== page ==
Goats are quickly becoming the hottest thing on the homestead, as consumers become more aware of the high protein and low cholesterol content of goat milk products. Goat enthusiasts, however, are concerned that the trend might lead inexperienced people to take on more than they bargained for, as witnessed by the growing numbers of backyard chickens now turning up at shelters across North America. Janet Hurst, author of The Whole Goat Handbook, has some wise advice for anyone interested in goat tending.
Goats are the animals most widely used for milk across the world and have been known for centuries as intelligent and utilitarian creatures, with the ability to adapt to many climates and terrains.
Before getting serious about purchasing a goat, keep in mind the commitment and work involved in raising these animals. First, give thought to housing. Goats do not tolerate being cold or wet, so a simple shelter will be a necessity. The shelter does not have to be elaborate, just something to keep the wind and rain off the animals.
Access to fresh water is also important. If a goat does not have enough clean water to drink, it will not produce much milk. Perhaps one of the largest factors to consider with this animal is fencing. If pasture land is available, consider running high-tensile electric wire with a solar charger. On the other hand, if land is limited, electrified netting is a good option. Woven wire would be the fencing of choice for a smaller pen or paddock.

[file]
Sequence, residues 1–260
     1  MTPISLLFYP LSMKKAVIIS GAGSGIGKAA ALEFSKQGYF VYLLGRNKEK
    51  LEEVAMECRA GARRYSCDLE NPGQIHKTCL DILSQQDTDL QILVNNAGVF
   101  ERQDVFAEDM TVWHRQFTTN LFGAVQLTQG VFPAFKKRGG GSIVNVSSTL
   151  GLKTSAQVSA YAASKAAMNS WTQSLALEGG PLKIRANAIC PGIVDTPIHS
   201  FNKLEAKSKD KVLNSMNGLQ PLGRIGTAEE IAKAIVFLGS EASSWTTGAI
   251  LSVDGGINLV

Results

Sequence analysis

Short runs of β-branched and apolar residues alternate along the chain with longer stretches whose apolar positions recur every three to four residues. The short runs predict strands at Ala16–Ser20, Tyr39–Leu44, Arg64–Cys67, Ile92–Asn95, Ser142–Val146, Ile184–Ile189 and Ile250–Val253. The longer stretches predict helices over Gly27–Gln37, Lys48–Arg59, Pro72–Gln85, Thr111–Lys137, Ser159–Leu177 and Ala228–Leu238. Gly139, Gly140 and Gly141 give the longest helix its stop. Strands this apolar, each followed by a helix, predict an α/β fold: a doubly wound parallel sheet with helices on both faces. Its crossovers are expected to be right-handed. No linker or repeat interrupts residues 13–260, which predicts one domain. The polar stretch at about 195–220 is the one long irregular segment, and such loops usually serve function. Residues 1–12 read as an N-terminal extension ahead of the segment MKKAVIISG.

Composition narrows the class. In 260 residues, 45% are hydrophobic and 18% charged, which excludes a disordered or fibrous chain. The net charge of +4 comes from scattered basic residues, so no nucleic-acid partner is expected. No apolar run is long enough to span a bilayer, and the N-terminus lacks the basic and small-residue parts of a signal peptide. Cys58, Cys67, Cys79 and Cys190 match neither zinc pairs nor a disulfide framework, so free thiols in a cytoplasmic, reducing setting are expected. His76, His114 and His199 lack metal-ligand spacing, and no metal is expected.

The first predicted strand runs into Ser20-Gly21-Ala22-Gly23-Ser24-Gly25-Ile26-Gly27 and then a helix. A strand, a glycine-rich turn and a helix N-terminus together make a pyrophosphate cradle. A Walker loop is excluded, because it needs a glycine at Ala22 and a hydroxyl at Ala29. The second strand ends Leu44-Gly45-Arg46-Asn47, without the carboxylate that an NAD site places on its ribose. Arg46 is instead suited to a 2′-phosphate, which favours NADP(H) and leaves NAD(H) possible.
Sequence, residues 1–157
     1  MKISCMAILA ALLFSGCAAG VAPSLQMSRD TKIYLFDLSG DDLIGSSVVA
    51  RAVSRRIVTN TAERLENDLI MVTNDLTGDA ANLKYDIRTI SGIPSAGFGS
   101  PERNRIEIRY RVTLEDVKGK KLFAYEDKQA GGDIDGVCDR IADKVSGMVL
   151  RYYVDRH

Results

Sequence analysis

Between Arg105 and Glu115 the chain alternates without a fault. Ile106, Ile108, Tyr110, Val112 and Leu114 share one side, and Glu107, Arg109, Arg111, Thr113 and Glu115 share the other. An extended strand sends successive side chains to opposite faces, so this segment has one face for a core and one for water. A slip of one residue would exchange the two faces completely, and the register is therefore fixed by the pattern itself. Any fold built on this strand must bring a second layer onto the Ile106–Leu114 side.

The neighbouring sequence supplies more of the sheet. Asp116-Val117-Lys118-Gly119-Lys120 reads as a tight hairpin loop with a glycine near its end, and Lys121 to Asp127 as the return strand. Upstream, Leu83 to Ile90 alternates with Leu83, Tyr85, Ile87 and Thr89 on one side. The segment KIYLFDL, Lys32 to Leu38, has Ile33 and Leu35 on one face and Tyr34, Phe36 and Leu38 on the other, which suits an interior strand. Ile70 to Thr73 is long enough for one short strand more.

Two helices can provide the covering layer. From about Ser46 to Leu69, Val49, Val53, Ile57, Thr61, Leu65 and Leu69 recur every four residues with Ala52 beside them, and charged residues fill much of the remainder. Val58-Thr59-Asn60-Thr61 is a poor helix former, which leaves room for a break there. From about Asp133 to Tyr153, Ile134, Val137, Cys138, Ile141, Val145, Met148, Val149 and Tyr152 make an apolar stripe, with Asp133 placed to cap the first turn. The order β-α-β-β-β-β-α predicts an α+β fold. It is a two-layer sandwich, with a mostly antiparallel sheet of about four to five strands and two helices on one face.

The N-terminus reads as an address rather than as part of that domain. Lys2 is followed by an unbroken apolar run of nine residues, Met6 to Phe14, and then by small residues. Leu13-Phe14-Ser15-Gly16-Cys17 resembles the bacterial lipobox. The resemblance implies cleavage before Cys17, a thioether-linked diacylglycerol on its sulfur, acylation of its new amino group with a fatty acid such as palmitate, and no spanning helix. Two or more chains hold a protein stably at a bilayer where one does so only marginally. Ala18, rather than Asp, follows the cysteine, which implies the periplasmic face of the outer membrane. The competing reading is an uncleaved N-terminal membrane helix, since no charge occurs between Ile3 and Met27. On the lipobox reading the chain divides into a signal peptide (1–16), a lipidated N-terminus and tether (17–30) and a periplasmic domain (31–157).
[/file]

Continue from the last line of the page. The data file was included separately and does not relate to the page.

When keeping goats, there is an old adage worth remembering: “If you can throw water through a fence, a goat will get out of it!” Keep this in mind when choosing fencing. Goats are herd-oriented animals, and one goat is a lonely goat, looking for trouble. It is best to have at least two.
If local bylaws allow it, goats can adapt to urban settings but great care must be exercised to ensure they are properly contained, housed and fed. Neighbours often object, fearing escapees and odours. There is an established prejudice against goats and if the animals are not properly maintained, those fears can become a reality.
But, particular care around housing and fencing are not the only considerations for those keeping ‘urban goats’. Note also that:
- Goats are meant to eat above their heads. Throwing hay on the ground will lead to ingestion of parasites and other health issues. A hay rack is a necessary piece of equipment.
- A mature male goat will have a distinct odour that serves as an attractant to females. Close neighbors will almost certainly object to this odour, so keep only females in the city. Find a reputable breeder and take your females to visit, rather than housing a male full-time in the city.
Those with a small farm or homestead will appreciate goats for many reasons, including the fact that they are browsers, preferring brambles and brush to grass. If there is a wooded, overgrown area, this is the perfect habitat for them. However, they will eat grass or hay if ‘browse’ is not available. Pasture grass of 15 centimetres (6 inches) or taller is ideal to help control parasites, which are the number one cause of illness.